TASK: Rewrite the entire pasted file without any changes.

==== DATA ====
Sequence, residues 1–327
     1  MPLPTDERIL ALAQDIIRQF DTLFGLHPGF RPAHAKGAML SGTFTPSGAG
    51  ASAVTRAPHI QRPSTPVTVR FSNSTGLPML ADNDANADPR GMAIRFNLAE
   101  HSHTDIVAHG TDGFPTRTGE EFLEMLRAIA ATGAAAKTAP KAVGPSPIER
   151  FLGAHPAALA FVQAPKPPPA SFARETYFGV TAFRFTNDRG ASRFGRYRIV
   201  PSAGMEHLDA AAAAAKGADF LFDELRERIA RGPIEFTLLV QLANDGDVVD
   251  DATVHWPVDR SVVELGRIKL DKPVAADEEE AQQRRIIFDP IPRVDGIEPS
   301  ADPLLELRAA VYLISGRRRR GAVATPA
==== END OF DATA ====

Sequence, residues 1–327
     1  MPLPTDERIL ALAQDIIRQF DTLFGLHPGF RPAHAKGAML SGTFTPSGAG
    51  ASAVTRAPHI QRPSTPVTVR FSNSTGLPML ADNDANADPR GMAIRFNLAE
   101  HSHTDIVAHG TDGFPTRTGE EFLEMLRAIA ATGAAAKTAP KAVGPSPIER
   151  FLGAHPAALA FVQAPKPPPA SFARETYFGV TAFRFTNDRG ASRFGRYRIV
   201  PSAGMEHLDA AAAAAKGADF LFDELRERIA RGPIEFTLLV QLANDGDVVD
   251  DATVHWPVDR SVVELGRIKL DKPVAADEEE AQQRRIIFDP IPRVDGIEPS
   301  ADPLLELRAA VYLISGRRRR GAVATPA